Astronomy:Zombie star

From HandWiki

A zombie star is a hypothetical result of a Type Iax supernova which leaves behind a remnant star, rather than completely dispersing the stellar mass.[1][2][3][4][5] Type Iax supernovae are similar to Type Ia, but have a lower ejection velocity and lower luminosity.[6] Type Iax supernovae may occur at a rate between 5 and 30 percent of the Ia supernova rate. Thirty supernovae have been identified in this category.[7]

In a binary system consisting of a white dwarf and a companion star, the white dwarf strips away material from its companion. Normally the white dwarf would eventually reach a critical mass, and fusion reactions would make it explode and completely dissipate it, but in a Type Iax supernova, only half of the dwarf's mass is lost.[8]

The two inset images show before-and-after images captured by NASA's Hubble Space Telescope of Supernova 2012Z in the spiral galaxy NGC 1309. The white X at the top of the main image marks the location of the supernova in the galaxy.

Candidate observed instances

Supernova SN 2012Z in the galaxy NGC 1309 is thought to be of type Iax, and was discovered by S.B. Cenko, W. Li, and A.V. Filippenko using the Katzman Automatic Imaging Telescope on 2012 January 29.15 UT as part of a supernova search at Lick Observatory.

The proposed formation scenario for SN 2012Z is that the original system at the heart of the supernova was a binary pair of large, but otherwise ordinary main sequence stars. The more massive of the binary stars lost substantial amounts of its hydrogen and helium to its smaller companion, and became a white dwarf. The newly engorged companion star then evolved into an enlarged stage, whose outer layers engulfed the white dwarf. The outer hydrogen layers of the overlapping stars were then ejected, leaving behind a still-active helium core and the white dwarf. In turn, the white dwarf drained back some matter from the remaining companion star, until the white dwarf became so unstable that it exploded as a supernova, with the former helium core left behind as a remnant zombie star.[3]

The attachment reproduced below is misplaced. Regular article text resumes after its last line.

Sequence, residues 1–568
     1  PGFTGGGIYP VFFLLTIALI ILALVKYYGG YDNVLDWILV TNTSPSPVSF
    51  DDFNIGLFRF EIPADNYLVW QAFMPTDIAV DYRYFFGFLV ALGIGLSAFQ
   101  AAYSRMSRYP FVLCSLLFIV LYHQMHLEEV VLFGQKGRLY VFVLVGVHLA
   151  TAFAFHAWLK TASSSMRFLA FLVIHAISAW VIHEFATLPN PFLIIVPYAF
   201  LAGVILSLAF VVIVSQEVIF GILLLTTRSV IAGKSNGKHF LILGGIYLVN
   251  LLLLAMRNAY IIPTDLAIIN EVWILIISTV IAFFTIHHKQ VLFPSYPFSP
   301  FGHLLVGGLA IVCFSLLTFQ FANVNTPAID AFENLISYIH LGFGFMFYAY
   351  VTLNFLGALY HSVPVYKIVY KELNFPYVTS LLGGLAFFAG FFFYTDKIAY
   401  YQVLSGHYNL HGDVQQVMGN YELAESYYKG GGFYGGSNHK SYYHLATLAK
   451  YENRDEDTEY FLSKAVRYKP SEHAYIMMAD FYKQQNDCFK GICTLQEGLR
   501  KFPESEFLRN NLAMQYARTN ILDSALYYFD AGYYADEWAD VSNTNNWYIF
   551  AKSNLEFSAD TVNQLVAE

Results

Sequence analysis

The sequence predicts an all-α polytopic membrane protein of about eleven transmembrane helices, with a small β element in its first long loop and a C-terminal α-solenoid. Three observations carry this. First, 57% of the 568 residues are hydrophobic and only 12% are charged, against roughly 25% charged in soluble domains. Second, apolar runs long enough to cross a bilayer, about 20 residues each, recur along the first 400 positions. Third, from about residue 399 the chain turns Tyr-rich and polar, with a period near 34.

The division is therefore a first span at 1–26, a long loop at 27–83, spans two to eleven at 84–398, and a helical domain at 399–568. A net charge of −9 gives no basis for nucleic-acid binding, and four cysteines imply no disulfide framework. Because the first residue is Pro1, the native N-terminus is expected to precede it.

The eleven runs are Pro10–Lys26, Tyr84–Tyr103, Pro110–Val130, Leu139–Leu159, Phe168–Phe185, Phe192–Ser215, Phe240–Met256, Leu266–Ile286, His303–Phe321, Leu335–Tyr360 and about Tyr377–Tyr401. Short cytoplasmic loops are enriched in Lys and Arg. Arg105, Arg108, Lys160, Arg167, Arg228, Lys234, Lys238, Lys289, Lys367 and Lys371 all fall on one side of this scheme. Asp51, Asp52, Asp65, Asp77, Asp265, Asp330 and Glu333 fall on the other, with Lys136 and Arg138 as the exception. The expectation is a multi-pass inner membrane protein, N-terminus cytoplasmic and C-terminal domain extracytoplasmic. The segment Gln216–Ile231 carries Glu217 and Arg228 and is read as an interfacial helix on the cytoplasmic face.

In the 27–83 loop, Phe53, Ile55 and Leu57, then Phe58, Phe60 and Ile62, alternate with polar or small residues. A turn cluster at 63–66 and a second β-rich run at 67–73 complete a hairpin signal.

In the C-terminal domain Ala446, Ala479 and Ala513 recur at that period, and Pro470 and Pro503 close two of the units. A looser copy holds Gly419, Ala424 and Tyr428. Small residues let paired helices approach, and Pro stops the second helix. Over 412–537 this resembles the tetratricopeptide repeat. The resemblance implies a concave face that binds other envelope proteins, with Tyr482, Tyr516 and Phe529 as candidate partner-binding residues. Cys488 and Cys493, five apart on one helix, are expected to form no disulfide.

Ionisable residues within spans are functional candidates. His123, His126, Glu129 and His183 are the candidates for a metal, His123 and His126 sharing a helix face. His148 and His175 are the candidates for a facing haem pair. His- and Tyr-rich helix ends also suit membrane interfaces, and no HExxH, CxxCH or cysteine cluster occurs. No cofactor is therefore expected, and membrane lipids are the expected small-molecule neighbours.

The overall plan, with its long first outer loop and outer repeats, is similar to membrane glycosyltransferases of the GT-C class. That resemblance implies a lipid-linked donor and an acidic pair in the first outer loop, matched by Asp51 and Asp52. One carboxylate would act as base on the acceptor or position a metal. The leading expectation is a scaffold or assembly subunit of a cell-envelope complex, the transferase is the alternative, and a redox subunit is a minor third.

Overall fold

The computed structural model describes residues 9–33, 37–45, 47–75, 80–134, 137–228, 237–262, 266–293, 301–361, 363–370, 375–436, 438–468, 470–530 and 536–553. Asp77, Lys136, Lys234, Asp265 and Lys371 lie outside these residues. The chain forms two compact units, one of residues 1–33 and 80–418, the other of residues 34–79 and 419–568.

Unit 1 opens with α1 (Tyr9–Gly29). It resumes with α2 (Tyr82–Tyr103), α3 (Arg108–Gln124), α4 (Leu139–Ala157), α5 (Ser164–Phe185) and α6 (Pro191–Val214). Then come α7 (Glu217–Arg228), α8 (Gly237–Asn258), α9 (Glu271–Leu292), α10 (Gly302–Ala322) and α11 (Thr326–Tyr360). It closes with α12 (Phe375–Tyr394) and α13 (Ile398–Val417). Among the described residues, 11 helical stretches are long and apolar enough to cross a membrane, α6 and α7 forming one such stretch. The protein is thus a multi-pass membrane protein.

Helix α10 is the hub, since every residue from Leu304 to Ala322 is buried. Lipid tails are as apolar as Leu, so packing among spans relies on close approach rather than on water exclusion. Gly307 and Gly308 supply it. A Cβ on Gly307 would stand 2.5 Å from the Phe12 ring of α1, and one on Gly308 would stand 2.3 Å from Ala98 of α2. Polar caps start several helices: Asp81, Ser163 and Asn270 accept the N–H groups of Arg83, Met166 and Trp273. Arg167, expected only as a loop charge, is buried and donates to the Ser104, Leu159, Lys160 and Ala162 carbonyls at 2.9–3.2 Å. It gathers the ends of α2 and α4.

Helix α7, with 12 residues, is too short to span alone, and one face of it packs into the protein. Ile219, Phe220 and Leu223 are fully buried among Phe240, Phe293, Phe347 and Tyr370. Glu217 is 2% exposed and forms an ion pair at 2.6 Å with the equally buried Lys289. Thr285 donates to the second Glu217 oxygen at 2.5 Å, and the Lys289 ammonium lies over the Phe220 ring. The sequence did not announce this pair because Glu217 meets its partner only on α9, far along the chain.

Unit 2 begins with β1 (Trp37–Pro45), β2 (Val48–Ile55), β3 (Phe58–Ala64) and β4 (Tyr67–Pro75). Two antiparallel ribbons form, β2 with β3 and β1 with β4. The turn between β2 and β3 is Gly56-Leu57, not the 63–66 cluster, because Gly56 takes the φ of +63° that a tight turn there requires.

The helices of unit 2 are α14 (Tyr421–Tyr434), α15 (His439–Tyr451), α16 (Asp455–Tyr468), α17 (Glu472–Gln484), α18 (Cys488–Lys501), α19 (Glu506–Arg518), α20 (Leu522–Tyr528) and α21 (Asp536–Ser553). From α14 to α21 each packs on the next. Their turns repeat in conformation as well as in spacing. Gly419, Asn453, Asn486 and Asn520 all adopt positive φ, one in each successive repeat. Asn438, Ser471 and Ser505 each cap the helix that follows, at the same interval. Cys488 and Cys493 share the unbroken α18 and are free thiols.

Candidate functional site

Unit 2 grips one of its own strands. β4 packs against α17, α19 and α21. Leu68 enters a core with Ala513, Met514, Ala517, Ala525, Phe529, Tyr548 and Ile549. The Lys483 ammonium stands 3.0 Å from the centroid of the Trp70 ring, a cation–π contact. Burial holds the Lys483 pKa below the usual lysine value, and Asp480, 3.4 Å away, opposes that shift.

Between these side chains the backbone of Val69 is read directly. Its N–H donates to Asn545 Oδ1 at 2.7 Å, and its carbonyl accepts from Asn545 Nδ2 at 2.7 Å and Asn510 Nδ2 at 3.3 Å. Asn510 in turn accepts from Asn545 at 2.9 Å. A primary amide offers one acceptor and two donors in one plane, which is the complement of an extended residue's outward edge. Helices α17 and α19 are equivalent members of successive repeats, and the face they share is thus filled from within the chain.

There were images of the area from before the supernova, allowing before and after images, and the process of the supernova to be studied. To test the zombie star hypothesis, the area was observed again a few years after the event. The authors found that the decline of the light curve was consistent with the existence of a radioactively-heated bound remnant, but that it was difficult to come up with a model that could explain the whole light curve.[9]

This discovery is a milestone in a decades long search by astronomers for such an occurrence; the observation of SN 2012Z was the first time astrophysicists were able to identify a star system that later went supernova.[8]

SN 2008ha may be a type Iax supernova, but significantly weaker than SN 2012Z.[3]


  1. Hubbard, Amy (6 August 2014). "Hubble sees 'zombie star' lurking in space: What it is, why it matters". Los Angeles Times ( 
  2. "Hubble discovers 'zombie star' haunting the universe". CNET. 
  3. 3.0 3.1 3.2 Weaver, Donna; Villard, Ray (6 August 2014). "NASA's Hubble Finds Supernova Star System Linked to Potential "Zombie Star"". HubbleSite - NewsCenter. 
  4. "Zombie star: Hubble spots star SN 2012Z living after supernova.". Slate Magazine. 12 August 2014. 
  5. Hauk, Alexis (6 August 2014). "Hubble Finds Supernova Star System Linked to Potential "Zombie Star"". Time Magazine. 
  6. McCully, Curtis; Jha, Saurabh W.; Foley, Ryan J.; Bildsten, Lars; Fong, Wen-fai; Kirshner, Robert P.; Marion, G. H.; Riess, Adam G. et al. (7 August 2014). "A luminous, blue progenitor system for the Type Iax supernova 2012Z". Nature 512 (512): 54–56. doi:10.1038/nature13615. PMID 25100479. Bibcode2014Natur.512...54M. 
  7. Feltman, Rachel. "Astronomers may have found a new zombie star". Washington Post. 
  8. 8.0 8.1 Choi, Charles Quixote (6 August 2014). "Supernovas Might Create Weird 'Zombie Stars'". 
  9. Curtis McCully; Saurabh W. Jha; Richard A. Scalzo; D. Andrew Howell; Ryan J. Foley; Yaotian Zeng; Zheng-Wei Liu; Griffin Hosseinzadeh et al. (2022). "Still Brighter than Pre-explosion, SN 2012Z Did Not Disappear: Comparing Hubble Space Telescope Observations a Decade Apart". The Astrophysical Journal 925. doi:10.3847/1538-4357/ac3bbd.